Presented by the Huntington Theatre Co.
Written Ayad Akhtar
Directed by Gordon Edelstein
Review by Kitty Drexel
(Boston, MA) Disgraced tackles the complicated conundrum of existential humanity. One of the most trying aspects of existing is reconciling our darkest impulses against pointless altruism. For an example unrelated to the show, one can rashly wish the perpetrators of a horrendous crime to wither slowly in the blazing fires of Hell while still feeling compassion for the perp’s family. Meanwhile, expressing neither of these thoughts out loud. Simply wishing to be lawfully good does not eradicate one’s potential for committing chaotic evil acts. If so, the behavioral teachings of religion, say, would be unnecessary. Humans are complicated beasties.
Disgraced is about two couples and one nephew engaging in private discussions on race relations that take place in the comfort of one’s own home, behind closed doors. The cast is composed of five characters only one of which is white (and she’s a woman). This means POCs are enabled to talk about their own experiences without a “helpful” white person to correct them. If there’s anything controversial about this play, it’s that. The lone white person isn’t tasked in explaining racism to POCs. It’s a nice change to trust the experiences of victims.
The Hungtington’s production is stellar. The writing by Ayad Akhtar attacks racism from so many different angles that it is impossible to like any of his characters… And yet we still sympathize with them. In fact, under the cloying gaze of the racist building blocks so fundamental to Western Society, Akhtar allows his characters their personhood in order of colonialist rule (whitest first). Appropriation rears its nasty head almost immediately. I could do on but it’s easier to understand if you see it in person.
Beneficial racism and sexism are on proud display; the women, of course, remain the nurturing peacekeepers until their shocking reveals; the men get to play dirty from the get go. Even worse, their hateful speech is insidiously protected by personal expressions of belief and thought. As if the brunt of racism or sexism didn’t directly correlate to personal opinion and action. All of the dialogue is loaded. There is no escape for the audience.
The direction is clear cut and focused. It looks as if Edelstein dared his actors to go with the most difficult acting choices rather than take any easy ways out. What we see is a calculated production rife with alienating cultural differences and heartbreaking similarities. This doesn’t sound like the most convincing of reasons to go but it actually is. Relationships are difficult. Edelstein captures that difficulty near perfectly.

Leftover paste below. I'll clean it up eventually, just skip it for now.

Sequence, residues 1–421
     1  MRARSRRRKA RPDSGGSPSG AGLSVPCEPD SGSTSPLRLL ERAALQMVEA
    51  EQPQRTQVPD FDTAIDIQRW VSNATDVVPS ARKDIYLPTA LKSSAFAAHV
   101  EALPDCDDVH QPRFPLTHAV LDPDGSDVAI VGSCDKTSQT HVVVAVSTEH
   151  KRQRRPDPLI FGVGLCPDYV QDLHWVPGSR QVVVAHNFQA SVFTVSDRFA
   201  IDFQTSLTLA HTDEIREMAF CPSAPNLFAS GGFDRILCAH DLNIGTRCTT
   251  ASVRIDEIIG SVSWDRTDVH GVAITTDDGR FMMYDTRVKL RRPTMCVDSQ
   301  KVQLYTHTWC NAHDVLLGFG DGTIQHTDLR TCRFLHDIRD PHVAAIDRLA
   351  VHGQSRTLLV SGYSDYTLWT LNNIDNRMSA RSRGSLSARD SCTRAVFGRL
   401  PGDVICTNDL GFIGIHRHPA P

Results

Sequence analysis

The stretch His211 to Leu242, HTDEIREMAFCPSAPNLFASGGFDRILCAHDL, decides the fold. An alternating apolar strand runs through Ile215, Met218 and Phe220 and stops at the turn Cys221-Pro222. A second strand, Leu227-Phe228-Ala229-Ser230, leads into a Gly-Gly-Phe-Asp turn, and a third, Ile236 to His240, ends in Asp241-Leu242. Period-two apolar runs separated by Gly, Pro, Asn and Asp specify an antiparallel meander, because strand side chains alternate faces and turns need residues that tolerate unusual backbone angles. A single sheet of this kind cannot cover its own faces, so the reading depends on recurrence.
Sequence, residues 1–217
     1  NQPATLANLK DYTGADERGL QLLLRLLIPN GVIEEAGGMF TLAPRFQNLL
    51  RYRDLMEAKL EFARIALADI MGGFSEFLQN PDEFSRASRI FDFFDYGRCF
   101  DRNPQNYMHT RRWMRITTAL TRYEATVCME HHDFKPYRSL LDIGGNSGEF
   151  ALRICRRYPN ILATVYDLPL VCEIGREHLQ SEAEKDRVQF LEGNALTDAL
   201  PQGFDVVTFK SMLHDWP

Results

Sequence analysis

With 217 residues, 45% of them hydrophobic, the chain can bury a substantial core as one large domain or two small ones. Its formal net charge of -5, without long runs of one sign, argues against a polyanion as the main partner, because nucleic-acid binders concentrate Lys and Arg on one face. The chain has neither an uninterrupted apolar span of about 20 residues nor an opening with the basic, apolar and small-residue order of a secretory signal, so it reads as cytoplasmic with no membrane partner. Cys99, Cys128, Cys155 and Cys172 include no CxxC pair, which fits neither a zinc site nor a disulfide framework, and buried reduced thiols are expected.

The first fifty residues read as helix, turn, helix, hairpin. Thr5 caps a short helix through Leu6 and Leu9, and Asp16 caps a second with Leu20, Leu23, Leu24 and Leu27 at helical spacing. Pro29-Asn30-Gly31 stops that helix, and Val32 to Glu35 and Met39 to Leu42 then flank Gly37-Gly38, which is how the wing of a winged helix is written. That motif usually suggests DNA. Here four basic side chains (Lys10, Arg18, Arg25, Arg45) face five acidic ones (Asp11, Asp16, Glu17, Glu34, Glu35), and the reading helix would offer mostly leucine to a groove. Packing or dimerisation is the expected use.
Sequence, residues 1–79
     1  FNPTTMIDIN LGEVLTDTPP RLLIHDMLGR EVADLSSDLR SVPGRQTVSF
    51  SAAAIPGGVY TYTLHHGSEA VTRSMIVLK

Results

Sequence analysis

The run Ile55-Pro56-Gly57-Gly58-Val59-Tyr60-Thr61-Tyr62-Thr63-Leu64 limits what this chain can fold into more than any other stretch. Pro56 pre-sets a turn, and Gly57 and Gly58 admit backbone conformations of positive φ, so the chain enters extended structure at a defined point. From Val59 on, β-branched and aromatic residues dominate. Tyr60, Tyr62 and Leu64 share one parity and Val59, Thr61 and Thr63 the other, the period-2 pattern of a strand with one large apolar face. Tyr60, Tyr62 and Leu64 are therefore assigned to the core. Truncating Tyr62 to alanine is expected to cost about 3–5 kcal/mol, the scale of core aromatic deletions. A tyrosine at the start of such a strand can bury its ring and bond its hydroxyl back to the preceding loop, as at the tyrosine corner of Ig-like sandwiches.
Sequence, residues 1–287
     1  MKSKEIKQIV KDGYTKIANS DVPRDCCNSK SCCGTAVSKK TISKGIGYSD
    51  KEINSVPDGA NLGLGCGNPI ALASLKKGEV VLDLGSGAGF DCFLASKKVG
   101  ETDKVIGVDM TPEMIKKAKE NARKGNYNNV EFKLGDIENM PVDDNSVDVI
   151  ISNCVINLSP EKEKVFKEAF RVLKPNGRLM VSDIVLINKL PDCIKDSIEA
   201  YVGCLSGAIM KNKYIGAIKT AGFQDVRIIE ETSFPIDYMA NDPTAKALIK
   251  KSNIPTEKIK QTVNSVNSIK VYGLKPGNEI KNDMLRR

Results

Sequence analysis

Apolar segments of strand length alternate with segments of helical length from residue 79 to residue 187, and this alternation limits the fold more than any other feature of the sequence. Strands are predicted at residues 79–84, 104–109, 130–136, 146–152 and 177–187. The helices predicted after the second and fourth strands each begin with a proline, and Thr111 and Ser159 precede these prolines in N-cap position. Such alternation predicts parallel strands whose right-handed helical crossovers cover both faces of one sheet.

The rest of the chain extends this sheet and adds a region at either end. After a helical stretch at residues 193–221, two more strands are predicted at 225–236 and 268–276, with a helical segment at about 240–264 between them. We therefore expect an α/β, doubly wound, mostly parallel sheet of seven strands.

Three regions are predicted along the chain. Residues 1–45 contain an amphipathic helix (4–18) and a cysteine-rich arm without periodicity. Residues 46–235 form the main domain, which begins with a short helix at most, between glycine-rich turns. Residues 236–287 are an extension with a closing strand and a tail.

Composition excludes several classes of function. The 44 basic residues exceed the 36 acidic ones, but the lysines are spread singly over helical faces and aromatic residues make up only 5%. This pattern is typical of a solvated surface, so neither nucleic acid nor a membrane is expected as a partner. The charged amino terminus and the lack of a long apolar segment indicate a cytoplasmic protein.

The cast goes out of its way to imbue their characters with relatable instincts of self-preservation. This isn’t a play with a clear definition of right and wrong. There’s no simple moral to sum up how to be a decent person. No, the characters argue with the intention of proving themselves more right than anyone else in the room. We see our heroes fall from their own pedestals and it’s captivating to watch.
Rajesh Bose steals the night and carries the show. His Amir is strong like an ox, stubborn like a mule but has a childlike vulnerability that makes him equally lovable and hateable. We don’t get to know Amir’s backstory but Bose’s choices ensures that we’d like to.
Shirine Babb as Jory easily had the best one-liners in the show. Babb made an unfunny topic hilarious.
There is stage combat in this production. Thanks to excellent acting from the cast and fight direction from Rick Sordelet, it reaches the kind of excellence that confuses the brain into believing that what is happening on stage is real while simultaneously broadcasting that the actors are safe. It is short. It is traumatizing. It sets a very high bar for professional theatre.
The night I attended, the audience was more diverse than it usually is at the Huntington. Even if Disgraced doesn’t sound like a thing you’d enjoy, I suggest you go anyway. Inequality ends when we keep the conversation going and allow ourselves to learn from the experiences of others. The world being a better place through nonviolent means is good for everyone.